Braces are dental appliances that help collect common teeth problems such as misaligned teeth, crooked teeth, or crowding in the mouth. Braces are ideal when placed at an early age. In most cases, they are for teenagers. Adults can also get them but not likely. Once fixed on your teeth, they slowly align and straighten your teeth t achieve a normal bite and have a perfect smile.
Chemotherapy is the use of drugs to kill cancer cells. Since the medications used are potent, they, in some cases, harm normal cells such as the ones located in the mouth. They cause problems with your gums, teeth, saliva-making glands, and the epithelial lining of your mouth.
It is not common to suffer from an infection when still undergoing treatment for another disease. Some patients often have cancer, while at the same time, they have misaligned, crooked or crowded teeth. The patient requires braces as well as chemotherapy to contain the cancerous cells.
As mentioned previously, braces primarily fit on teenagers. Cancer, on the other hand, mainly attacks adults. It’s therefore not common for cancer patients to have braces. Nonetheless, there are some exceptional cases where braces fix on adults and cancer attacks younger persons. It is, therefore, possible to have braces and require chemo.
Having braces and undergoing chemotherapy requires a lot of professionalism. If you ever find yourself in such a situation, visit a dentist capable of advising you accordingly. Weymouth Dental Associates have a very skilled dentist in Weymouth, MA. It would be best to book an appointment with them and get professional assistance.
Chemotherapy, like other treatment options, has its benefits and some drawbacks. Although it helps treat cancer, chemo comes with side effects, particularly in the oral cavity. They include:
If not checked properly, these side effects can have a tolling impact on your life. It would be best if you, therefore, committed to working with a professional dentist before, during, and after your cancer treatment.
You should remove all fixed orthodontic appliances such as braces, retainers, Invisalign®, and splints before undergoing a high dose of chemotherapy. When released, they help limit the viral and bacterial load in the mouth, thereby minimizing the risk of developing an oral infection.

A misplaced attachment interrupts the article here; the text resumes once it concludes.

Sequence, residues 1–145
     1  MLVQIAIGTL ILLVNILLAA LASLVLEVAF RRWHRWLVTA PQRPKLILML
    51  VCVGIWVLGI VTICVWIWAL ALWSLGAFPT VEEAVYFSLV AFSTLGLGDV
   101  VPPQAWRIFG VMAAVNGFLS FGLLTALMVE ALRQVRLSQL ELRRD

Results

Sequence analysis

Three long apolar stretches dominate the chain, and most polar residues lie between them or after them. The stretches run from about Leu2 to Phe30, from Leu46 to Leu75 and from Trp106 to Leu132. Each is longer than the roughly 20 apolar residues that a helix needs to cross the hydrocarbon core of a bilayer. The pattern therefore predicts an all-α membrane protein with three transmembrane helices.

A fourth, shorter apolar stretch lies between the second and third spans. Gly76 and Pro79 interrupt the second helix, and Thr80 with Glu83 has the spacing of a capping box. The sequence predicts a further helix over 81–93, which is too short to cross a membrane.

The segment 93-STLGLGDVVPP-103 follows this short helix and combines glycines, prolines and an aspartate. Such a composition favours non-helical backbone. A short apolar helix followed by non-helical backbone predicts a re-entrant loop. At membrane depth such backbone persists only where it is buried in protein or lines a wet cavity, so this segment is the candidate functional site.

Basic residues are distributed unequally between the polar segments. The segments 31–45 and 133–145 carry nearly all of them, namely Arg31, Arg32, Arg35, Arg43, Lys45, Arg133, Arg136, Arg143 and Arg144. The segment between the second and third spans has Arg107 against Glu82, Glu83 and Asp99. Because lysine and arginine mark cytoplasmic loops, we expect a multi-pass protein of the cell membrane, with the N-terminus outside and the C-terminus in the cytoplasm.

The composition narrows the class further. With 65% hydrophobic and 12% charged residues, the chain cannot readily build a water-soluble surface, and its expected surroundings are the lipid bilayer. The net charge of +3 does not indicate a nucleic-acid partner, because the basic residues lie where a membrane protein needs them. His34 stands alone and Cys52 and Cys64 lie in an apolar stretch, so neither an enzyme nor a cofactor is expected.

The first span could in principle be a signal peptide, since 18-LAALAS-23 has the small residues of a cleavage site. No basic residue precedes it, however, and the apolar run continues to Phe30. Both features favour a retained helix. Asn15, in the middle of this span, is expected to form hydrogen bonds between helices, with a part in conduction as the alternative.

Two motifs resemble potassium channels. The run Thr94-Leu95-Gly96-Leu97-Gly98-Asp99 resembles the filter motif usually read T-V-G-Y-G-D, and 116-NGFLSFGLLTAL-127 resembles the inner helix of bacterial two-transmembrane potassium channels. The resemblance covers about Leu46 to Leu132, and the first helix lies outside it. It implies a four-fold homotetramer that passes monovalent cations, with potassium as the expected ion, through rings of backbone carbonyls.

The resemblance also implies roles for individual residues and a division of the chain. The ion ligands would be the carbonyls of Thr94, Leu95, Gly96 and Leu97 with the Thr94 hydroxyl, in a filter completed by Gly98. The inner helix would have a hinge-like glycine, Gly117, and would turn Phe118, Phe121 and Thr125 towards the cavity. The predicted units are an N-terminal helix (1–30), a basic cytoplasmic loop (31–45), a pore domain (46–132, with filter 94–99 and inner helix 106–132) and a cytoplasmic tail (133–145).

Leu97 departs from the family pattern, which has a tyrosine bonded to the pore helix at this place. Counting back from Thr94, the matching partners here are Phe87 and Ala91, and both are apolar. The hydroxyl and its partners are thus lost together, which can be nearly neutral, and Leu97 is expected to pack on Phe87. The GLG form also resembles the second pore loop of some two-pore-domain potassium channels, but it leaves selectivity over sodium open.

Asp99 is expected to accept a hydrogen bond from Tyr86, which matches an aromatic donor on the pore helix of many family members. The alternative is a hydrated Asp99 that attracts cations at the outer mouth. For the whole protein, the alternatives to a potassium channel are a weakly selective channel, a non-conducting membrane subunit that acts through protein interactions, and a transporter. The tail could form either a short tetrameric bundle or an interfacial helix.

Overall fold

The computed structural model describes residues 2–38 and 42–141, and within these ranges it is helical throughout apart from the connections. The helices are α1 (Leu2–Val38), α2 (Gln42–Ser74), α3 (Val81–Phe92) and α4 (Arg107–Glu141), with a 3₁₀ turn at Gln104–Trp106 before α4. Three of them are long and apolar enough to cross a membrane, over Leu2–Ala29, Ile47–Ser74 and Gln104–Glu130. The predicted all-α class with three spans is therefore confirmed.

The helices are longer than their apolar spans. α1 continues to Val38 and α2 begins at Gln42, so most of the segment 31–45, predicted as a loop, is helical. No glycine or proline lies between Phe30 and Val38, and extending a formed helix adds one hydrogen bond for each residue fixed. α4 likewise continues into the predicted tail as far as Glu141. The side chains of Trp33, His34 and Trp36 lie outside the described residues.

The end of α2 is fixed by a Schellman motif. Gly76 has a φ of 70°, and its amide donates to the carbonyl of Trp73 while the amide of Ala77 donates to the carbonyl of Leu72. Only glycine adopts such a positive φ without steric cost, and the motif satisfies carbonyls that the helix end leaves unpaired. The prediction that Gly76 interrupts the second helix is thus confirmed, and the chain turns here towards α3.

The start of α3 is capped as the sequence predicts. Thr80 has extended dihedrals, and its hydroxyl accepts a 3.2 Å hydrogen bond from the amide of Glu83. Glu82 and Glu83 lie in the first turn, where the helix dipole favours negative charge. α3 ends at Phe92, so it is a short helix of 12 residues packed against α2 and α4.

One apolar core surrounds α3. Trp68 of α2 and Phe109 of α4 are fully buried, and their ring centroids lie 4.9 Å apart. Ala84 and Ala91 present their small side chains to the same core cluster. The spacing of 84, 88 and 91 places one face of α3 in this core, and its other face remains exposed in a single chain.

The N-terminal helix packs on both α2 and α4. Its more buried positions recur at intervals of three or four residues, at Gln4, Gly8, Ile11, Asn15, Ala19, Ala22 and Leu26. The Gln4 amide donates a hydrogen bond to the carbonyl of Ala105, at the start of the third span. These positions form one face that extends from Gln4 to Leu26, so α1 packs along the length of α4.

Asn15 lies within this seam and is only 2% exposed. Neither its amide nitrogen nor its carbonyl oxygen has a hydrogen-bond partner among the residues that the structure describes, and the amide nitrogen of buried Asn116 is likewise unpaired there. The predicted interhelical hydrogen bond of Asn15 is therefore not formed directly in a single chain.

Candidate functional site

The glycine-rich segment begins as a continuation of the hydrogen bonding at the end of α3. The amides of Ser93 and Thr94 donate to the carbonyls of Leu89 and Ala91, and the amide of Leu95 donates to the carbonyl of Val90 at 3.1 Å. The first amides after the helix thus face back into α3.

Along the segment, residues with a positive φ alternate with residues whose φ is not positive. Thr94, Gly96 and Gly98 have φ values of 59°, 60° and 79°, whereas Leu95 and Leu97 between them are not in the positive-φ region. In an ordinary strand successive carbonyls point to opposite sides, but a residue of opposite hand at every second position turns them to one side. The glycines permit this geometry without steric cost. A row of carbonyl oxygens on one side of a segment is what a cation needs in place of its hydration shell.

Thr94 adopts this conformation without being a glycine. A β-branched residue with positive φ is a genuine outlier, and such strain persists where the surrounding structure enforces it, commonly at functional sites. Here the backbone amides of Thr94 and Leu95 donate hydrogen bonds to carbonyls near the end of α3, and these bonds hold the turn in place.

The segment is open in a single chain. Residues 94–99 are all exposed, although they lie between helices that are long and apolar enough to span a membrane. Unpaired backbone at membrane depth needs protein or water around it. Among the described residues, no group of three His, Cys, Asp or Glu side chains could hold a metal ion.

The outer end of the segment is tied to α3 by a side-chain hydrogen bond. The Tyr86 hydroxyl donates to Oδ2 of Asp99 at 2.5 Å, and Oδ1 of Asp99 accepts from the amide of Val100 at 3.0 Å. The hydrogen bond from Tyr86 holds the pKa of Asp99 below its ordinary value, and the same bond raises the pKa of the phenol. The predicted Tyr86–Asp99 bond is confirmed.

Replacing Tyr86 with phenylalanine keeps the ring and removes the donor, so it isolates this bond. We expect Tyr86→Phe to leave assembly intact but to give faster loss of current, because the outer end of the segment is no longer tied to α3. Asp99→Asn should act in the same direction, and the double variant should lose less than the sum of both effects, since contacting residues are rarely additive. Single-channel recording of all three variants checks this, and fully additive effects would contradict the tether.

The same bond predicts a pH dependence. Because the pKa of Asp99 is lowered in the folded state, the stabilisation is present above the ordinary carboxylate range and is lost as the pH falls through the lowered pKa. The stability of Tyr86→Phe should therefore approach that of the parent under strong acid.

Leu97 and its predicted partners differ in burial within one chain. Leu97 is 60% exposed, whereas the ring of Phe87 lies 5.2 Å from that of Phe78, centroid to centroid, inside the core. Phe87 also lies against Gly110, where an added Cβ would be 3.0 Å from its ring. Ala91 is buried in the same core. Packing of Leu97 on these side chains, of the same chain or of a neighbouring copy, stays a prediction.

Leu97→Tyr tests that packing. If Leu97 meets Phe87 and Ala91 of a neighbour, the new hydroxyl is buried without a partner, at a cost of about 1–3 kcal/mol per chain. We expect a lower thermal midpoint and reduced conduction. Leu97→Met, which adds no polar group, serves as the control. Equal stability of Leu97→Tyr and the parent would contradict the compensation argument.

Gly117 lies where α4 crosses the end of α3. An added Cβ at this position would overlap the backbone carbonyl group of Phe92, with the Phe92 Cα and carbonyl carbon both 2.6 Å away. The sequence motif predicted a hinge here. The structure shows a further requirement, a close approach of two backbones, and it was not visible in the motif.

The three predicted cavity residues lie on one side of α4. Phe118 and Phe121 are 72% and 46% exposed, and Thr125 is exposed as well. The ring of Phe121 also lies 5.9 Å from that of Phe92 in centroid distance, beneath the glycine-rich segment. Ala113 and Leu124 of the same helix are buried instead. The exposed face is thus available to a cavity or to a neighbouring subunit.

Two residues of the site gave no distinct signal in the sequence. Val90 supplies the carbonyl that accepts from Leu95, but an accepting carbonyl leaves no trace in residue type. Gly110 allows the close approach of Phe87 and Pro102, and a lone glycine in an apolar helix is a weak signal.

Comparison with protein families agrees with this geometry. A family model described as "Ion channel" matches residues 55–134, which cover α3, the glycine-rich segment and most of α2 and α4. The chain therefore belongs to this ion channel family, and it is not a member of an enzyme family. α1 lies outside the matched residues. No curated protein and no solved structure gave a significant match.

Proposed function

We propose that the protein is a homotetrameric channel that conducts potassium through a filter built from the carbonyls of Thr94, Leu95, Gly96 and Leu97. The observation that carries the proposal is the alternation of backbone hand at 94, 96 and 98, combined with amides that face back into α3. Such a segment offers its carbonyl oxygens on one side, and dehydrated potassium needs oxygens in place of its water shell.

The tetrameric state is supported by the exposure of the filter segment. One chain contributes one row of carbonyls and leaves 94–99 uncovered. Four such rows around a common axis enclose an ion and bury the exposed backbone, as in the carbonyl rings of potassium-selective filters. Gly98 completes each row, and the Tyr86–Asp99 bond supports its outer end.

You should discuss the possibility of removing the braces during cancer treatment with your dentist, oncologist, or orthodontist. If possible, it’s advisable to first remove braces before undergoing cancer treatment since it is to the patient’s benefit.
Also, you should avoid switching to removable appliances such as retainers, primarily due to the low blood flow and mucositis. These appliances aggravate mucositis. They should only apply when there is no other option. The matter should also be subject to discussion with your orthodontist to ensure you receive chemo while avoiding worsening your dental health.
A consensus amongst the dental community is that you should first cease orthodontic treatment in favor of chemotherapy. Cancer is more lethal, and doctors should give its treatment a priority. A patient should only resume orthodontic treatment after their cancer treatment completes and the patient is declared cancer-free for two years. Discuss your plans to continue orthodontic treatment with your oncology team.
Although you can have braces during cancer treatment via drugs, it is not advisable. The main goal when going to chemotherapy is to ensure the viral or bacterial load is almost zero in the mouth. Orthodontists also provide their patients with good oral health before chemo to minimize the side effects caused by the drugs.
When you visit the dentist before chemotherapy, they treat any broken, decayed, or other dental infection in the mouth. They then ensure your dentures fit perfectly to eliminate cases of irritation in the mouth. Lastly, they remove braces so that they don’t irritate your tongue or cheeks and heighten the level of the side effects caused in the mouth by chemo.